Bad News: Meat's Gone Global
As conscientious carnivores go about the noble business of supporting local, small, nonindustrial, and humane animal farms, the international exchange of animal products proceeds with nary a pause. Exploring the underworld of global meat exchange tends to quash any hope for responsible alternatives to industrial animal production. At the intersection of Neoliberalism and meatonmics is a vivid reminder that our trendy support of boutique animal farms have no bearing on the problem at large. The problem at large, really, could care less about your locally raised pork cheeks More often than not, Chinese demand drives the quest for flesh and all that its production requires. To wit, representatives from the English livestock industry are currently assessing China's market potential for English sheep. The Chinese have more sheep than any nation in the world. Still, they can't come close to meeting growing consumer demand. The English are happy to halt the reforestation of British uplands to help the Chinese meet their meat. In China, meat consumption has spiked from four kilograms per person in 1961 to 57 kilograms per person in 2011. You can count on it: the English will do anything, including degrading their own landscape, to ensure that the Chinese don't want for righteous lamb chops.
Another global commodity has brought together the Irish and the Vietnamese: pork. The precipitating event came when Vietnamese veterinary authorities opened the door for frozen pork from Ireland. Vietnam has long been identified by Irish officials as a "priority target" - I love how industry uses such verbiage - and the announcement of this deal led to the immediate opening of five Irish pig processing plants dedicated exclusively to supplying Vietnam. Jobs! Currently 80 to 90 percent of Vietnamese pork comes from backyard herds. That's about to change. You'll see it happen as Ireland gets greener.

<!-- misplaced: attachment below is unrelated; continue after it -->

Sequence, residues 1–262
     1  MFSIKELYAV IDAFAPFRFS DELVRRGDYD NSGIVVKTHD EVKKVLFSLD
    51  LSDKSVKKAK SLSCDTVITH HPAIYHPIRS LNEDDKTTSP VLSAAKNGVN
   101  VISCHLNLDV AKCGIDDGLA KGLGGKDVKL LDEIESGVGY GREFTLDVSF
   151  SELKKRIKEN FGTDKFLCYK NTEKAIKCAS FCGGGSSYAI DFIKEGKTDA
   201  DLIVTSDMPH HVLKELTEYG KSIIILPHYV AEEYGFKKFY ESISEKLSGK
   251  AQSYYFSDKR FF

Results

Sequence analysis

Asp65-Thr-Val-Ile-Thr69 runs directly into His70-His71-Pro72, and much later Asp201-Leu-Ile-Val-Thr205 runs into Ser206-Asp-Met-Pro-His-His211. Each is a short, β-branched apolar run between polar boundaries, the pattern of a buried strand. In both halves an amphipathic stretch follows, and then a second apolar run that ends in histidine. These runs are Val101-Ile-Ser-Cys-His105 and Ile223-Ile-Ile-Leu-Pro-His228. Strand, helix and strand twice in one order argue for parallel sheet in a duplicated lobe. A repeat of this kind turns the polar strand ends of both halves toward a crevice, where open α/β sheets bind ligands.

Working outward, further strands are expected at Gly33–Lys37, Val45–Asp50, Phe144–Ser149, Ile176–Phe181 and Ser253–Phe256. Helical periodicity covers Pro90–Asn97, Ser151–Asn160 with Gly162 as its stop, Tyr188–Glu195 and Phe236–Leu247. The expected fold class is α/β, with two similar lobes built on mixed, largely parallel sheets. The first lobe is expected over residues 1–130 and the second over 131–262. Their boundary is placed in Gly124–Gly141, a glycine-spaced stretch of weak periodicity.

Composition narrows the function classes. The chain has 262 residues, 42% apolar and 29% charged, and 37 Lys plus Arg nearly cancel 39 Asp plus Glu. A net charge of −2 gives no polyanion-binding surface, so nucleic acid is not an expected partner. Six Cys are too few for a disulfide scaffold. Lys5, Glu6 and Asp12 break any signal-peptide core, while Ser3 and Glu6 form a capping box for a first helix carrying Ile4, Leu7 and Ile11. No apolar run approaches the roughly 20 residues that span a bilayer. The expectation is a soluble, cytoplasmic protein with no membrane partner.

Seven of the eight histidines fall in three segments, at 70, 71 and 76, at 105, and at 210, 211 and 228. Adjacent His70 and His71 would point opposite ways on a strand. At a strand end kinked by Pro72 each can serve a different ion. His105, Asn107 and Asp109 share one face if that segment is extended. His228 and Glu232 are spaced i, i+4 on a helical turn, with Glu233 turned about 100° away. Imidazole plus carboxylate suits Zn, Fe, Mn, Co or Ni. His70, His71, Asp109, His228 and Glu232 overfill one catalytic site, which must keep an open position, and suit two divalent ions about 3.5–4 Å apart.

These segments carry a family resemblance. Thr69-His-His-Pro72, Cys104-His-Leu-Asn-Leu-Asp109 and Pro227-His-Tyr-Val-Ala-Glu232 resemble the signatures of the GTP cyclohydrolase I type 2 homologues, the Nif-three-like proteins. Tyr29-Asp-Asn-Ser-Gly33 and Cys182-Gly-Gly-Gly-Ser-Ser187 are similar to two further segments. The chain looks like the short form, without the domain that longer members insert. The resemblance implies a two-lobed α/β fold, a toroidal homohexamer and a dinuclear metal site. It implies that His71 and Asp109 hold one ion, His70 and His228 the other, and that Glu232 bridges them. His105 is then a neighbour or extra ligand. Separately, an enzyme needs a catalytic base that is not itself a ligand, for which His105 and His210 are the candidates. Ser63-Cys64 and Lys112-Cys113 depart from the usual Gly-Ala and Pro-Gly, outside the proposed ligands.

Yet another example that killing sentient animals and destroying the environment fosters international bonds involves Denmark and Russia. The unifying ingredient here is salmon. Russia, which has banned salmon imports from much of the West, has turned to Denmark's Faroe Islands for its salmon stash. The Faroese, who were formally banned from importing to Russia, are as happy as a fish in water: "We're in the opposite situation from before Christmas," said an Faroe Island official. "Before, everyone could sell to Russia except us [due to Russian bans on certain Faroese trawlers]. Now, only we can." The Russians have also asked the Faroese to exploit their waters for mackerel and herring while they're at it.
Meanwhile, the Amazon is getting more excited about this international group hug. Driven by the European and Chinese consumption of soy in particular, Mato Grosso, a state in Brazil, is dedicating more and more forest land, and accordingly, carbon, water, and nutrients–to animals confined in Europe and China. Such "resource flows"- yet another one of those whacked industry terms - come with costs. Said one team of researchers:
Our estimated environmental footprints suggest potential regional impacts on climate, biodiversity, ecosystem services, and a possible incremental soil phosphorous saturation that could increase the risk of eutrophication in the long term.
And there's nothing that your happy meat can do about it. All meat must be stigmatized. Not just industrial.